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Partnership between Aston Martin and UWTSD drives graduate employability

A SMART Partnership between Aston Martin and UWTSD is helping to drive graduate employability through academic and industry collaboration.

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The partnership between academic staff, research associates and engineers is aimed at knowledge exchange and collaboration between the University and Aston Martin to develop graduates that are industry ready.

Welsh Government Smart partnerships provide financial support to businesses for innovative projects that require academic collaboration – helping to develop new products, and in this instance using automation and digitalisation to remain competitive.

Richard Morgan, Programme Director Mechanical & Manufacturing Engineering at UWTSD said: “The SMART partnership which we undertook with Aston Martin Lagonda, at its global headquarters in Gaydon, Warwickshire and at St Athan, was a link between academic staff, research associates and engineers from Aston Martin. We focused on the area of body structures, product development and advanced manufacturing and looking at ways to streamline some of the operations within those activities within the company.”


Gareth Jones, Research Associate, and Body Structures, Aston Martin said: “I wouldn’t be in this company without the smart partnership. I feel it was a great way to get into the automotive business without going through the traditional routes”

Guy Stanley, Manager Underframe, and Body Structures, Aston Martin said: “I think it’s had a brilliant effect on the business and we’ve obviously gained Gareth as a full time employee. We’ve gained experience, knowledge and efficiency in existing and new processes that we’d never been able to do before. As a company it will be a big benefit to us.”

Graham Howe, Principal Research Fellow at UWTSD said: “It’s what UWTSD has been known for, for years in terms of our industrial relevance and our industrial led programmes. We think it’s phenomenally important that our programmes develop graduates that are industry ready. What we need to be doing is ensuring those graduates can secure employment opportunities in companies with the right level skills, the high quality skills that we are developing in automation, simulation etc. And what we have seen with the Welsh Government SMART partnership, is it really benefits the university in terms of our teaching delivery but also for our students, who learn theses skills in the university and can apply them in industry for industry.”

Aston Martin Lagonda interviewed applicants from all over the world for the Research Associate positions. The two RAs chosen were both Welsh, Barry Meacham, a UWTSD graduate and Gareth Jones from Gower College Swansea. Both research associates were studying and working in England and as a result of the SMART Partnership are now both working in Wales.

Graham added: “We are not only retaining talent in Wales, we are actually bringing it back across the border which is fantastic. To see the benefits of smart partnerships in Wales, to see some of that benefit happening in St Athan, to seeing those cars coming off the end of the line knowing that two graduates have had a very direct impact on that, is absolutely phenomenal.”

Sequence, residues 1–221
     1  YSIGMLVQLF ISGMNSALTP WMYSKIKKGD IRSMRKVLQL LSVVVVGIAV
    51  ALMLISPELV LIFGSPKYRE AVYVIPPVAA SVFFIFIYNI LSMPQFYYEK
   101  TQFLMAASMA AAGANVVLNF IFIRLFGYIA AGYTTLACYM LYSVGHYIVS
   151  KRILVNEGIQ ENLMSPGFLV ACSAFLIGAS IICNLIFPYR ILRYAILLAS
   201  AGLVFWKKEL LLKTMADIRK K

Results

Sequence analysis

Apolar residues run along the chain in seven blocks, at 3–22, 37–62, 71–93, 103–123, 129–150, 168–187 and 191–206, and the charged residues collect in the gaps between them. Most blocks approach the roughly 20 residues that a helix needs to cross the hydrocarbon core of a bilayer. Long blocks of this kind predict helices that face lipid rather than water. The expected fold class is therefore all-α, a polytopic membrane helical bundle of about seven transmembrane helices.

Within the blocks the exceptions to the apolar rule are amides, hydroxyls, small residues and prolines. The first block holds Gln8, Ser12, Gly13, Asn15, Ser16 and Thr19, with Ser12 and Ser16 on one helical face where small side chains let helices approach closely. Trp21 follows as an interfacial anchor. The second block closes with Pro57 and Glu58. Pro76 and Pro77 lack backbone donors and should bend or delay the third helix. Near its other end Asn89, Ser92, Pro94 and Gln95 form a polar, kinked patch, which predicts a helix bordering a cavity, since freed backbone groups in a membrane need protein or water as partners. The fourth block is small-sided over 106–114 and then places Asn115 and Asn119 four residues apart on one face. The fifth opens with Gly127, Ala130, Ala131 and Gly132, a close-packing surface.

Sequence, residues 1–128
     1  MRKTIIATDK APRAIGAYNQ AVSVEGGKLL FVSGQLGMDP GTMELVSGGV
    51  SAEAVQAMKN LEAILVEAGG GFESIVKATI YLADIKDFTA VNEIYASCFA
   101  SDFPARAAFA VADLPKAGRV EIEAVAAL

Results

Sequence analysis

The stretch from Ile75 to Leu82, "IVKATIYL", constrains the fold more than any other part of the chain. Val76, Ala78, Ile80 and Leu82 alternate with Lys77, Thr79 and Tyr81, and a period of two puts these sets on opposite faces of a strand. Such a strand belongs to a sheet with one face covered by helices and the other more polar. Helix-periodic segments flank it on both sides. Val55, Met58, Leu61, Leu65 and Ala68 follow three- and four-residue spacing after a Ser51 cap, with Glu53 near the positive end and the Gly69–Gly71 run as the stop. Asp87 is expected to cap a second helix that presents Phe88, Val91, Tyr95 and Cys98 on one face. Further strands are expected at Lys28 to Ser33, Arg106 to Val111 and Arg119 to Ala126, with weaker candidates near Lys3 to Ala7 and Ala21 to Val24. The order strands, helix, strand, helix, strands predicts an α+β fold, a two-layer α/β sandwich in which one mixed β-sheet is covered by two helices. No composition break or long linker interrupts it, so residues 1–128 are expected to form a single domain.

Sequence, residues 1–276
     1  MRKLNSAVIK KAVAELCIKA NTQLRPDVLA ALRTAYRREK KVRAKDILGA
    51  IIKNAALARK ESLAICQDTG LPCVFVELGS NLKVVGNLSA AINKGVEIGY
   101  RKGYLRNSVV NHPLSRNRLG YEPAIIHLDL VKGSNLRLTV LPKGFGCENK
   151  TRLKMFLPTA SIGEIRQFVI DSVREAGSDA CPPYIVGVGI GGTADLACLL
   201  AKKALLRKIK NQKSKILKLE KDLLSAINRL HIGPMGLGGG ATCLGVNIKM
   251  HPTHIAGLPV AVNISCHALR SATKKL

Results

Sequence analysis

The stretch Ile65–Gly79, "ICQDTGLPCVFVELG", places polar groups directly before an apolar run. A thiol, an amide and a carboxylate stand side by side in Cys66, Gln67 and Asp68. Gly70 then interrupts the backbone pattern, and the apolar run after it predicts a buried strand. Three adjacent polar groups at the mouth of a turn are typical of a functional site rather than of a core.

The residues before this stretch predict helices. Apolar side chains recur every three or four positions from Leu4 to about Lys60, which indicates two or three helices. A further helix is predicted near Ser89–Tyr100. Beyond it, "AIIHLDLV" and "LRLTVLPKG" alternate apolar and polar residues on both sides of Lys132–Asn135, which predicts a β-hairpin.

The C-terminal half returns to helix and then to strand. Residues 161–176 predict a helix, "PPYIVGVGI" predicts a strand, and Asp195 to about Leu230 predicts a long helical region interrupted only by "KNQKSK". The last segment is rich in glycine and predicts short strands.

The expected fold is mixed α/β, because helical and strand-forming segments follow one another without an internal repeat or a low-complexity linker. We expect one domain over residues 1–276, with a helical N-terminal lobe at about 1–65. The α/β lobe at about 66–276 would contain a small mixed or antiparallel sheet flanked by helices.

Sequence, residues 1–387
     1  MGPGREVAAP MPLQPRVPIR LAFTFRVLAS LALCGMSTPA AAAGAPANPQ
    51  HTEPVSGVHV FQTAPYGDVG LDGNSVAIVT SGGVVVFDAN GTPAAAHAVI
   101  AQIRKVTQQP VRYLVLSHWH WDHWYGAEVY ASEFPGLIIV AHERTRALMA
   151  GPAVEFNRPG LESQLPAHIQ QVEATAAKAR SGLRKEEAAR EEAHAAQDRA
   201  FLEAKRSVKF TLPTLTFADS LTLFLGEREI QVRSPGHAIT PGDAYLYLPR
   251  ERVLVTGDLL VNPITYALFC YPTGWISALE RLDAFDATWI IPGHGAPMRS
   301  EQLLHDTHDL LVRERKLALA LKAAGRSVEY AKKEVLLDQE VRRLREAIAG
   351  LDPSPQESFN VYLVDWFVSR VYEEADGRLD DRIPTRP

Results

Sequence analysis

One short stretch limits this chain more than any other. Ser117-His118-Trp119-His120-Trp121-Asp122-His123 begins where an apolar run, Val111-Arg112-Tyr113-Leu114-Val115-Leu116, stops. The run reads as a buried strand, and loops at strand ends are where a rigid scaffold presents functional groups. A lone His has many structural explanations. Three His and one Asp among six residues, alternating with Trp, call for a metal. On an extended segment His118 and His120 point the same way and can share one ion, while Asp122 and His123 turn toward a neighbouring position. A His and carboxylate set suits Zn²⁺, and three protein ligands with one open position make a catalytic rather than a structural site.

Additionally, Stuart Faulkner and Tristan Quilter, who were both studying towards BEng (Hons) in Mechanical Engineering at UWTSD have benefited from internships within Aston Martin Lagonda’s Product Development and Body Engineering departments at the company’s headquarters in Gaydon Warwickshire.

Their role involved them being able to execute material and component testing to support materials development, design verification for existing vehicles and new vehicle launch.

At the end of the internship, Stuart and Tristan presented a summary of the investigative work which they had carried out to chief engineers and heads of department at Aston Martin.  Both were asked to continue the specialist work which they were undertaking with Aston Martin as the focus of their final year engineering projects.

Richard Morgan said “Within the School of Engineering at UWTSD, we have strived to develop a culture which emphasises the application of academic study to real-world challenges. The work which Tristan and Stuart undertook during their internship, then being taken forward and developed for their academic project work epitomises this ethos. We feel that, by offering our undergraduate Engineering students such opportunities, they gain invaluable experience and significantly strengthen their profiles. Our, independently monitored, post-graduation employability figures back this up.”   

Graham Howe said: “The internships have enabled Tristian and Stuart to apply the knowledge learned in the lectures and modules on their programme to real world applications.  It has given them valuable work experience that will enhance their CVs and prepare them for their engineering careers following graduation. These internships are tremendously valuable to all our students and I’ve been delighted at the quality of work that has been produced and I am really excited and looking forward to seeing the outcome of this work.